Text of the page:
Survey Says: 7.5 Million Kids on Facebook Are at Risk

As many as 7.5 million kids under the age of 13 are using the Facebook service, despite the company's official prohibition -- 5 million under the age of 10.

For minors who lack the experience or judgment to use a social network, this raises the scary potential of sexual predators tracking down kids who reveal their age in an online chat, cyberbullying and more, according to a new survey released Tuesday by Consumer Reports.

“A million kids were bullied on Facebook in the last year," Jeff Fox, technology editor at Consumer Reports, told "A 10-year-old is not well-equipped to deal with those things.”

Fox said Facebook recognizes that kids should not use the service and prohibits access to those under 13. But the age verification system is weak, he said: It’s too easy to lie about your age. Facebook could instead use existing age verification services such as Privo. Or a parent could first prove their age using credit card verification and then vouch for the child’s age, he suggested.

Facebook declined to comment specifically to about the Consumer Reports survey, but did release an official statement about the Consumer Reports survey.

"Recent reports have highlighted just how difficult it is to implement age restrictions on the Internet and that there is no single solution to ensuring younger children don’t circumvent a system or lie about their age," the statement reads. "We appreciate the attention that these reports and other experts are giving this matter and believe this will provide an opportunity for parents, teachers, safety advocates and Internet services to focus on this area, with the ultimate goal of keeping young people of all ages safe online.”

A serious issue?
Child safety is but one aspect of a complex problem. The Consumer Reports survey found that has many as 5 million computers in U.S. households were exposed to a virus. There's another twist: The Children's Online Privacy Protection Act (COPPA) makes it illegal to collect information about kids using an Internet service, said Ross Ellis, the founder of child-advocacy group Love Our Children USA.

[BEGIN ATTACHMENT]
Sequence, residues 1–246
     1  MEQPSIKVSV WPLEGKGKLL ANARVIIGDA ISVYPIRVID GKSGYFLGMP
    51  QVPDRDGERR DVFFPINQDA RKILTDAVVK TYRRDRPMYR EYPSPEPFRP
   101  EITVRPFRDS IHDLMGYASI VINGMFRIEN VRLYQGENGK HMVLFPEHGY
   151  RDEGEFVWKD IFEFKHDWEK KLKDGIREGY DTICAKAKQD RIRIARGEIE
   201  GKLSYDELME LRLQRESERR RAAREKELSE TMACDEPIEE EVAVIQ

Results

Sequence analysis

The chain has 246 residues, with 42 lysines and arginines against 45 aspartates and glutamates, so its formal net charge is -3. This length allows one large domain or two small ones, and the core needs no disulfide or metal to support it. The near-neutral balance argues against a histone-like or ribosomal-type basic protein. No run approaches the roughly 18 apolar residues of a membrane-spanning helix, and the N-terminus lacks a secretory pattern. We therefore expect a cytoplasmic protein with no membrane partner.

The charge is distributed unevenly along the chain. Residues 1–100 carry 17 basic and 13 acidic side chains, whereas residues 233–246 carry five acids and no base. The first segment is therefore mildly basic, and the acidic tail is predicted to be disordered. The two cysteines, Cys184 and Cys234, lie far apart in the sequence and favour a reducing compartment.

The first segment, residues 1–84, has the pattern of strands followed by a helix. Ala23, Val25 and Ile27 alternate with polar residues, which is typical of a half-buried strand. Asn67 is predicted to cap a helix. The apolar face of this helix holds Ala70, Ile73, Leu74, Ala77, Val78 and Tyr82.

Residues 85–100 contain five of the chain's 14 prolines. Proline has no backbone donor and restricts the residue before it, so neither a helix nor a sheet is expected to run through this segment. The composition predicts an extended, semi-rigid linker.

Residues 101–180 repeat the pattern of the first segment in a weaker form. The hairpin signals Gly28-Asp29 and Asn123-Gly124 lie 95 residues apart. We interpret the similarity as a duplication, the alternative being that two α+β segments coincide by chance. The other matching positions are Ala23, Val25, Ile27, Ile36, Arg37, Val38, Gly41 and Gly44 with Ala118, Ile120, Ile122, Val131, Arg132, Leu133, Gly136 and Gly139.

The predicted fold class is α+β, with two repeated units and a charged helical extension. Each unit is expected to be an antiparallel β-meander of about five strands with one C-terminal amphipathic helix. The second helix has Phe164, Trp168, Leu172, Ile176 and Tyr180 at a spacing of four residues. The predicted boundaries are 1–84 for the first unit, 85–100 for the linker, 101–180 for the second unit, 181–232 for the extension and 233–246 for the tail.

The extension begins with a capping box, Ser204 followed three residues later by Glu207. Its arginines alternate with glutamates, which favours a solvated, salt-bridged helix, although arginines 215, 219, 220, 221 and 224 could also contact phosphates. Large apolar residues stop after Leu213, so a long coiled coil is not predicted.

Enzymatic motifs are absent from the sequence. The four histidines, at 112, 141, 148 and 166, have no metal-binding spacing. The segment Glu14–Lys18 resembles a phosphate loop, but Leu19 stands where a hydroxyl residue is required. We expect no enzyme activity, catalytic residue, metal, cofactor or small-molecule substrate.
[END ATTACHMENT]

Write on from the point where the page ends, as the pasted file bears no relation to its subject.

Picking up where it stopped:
In 2006, the FTC fined popular blogging site $1 million for collecting information about minors. The COPPA guidelines are strict, Ellis said, with plenty of paperwork to sign for a parent to approve a child’s access, and most sites just restrict access altogether.

Cyberbullying is yet another problem: Younger kids aren't as emotionally developed to deal with adults and teens who make hurtful comments.

“Everything from hurt feelings to emotional abuse, isolation, depression and humiliation can result from posts on Facebook,” said Tom Jacobs, a retired juvenile judge who wrote the book "Teen Cyberbullying Investigated" and runs the site Ask the Judge.

Consultant John Bambenek told that the “nightmare scenario” is not for kids to flirt online or engage in instant message chat with strangers -- but simply posting pictures. Predators can download the images and determine the child’s exact location using embedded GPS data. A program called Creeper even does this automatically, he warned.

Of course, these concerns should be taken in context: The survey focused on the 7.5 million kids using Facebook, but that’s a small percentage of the 500 million users worldwide.

Dealing with the problem
Social media expert Dr. Marcella Wilson of Wilson Consulting told that parents should better monitor their child’s Internet access overall. She advises creating a contract between parent and child about how the Internet will be used.

Bob Gaines, a consultant with security firm, said parents and kids should follow basic Facebook protocol. Avoid stating your location or saying you are home alone; in your profile, do not reveal your exact age; and of course, make sure you know your child’s username and password.

But in the end, Facebook needs to address the problem, said Denise Tayloe, the founder of Privo.

“Magically, everyone using these services is over 13,” she said -- hinting that something is clearly amiss.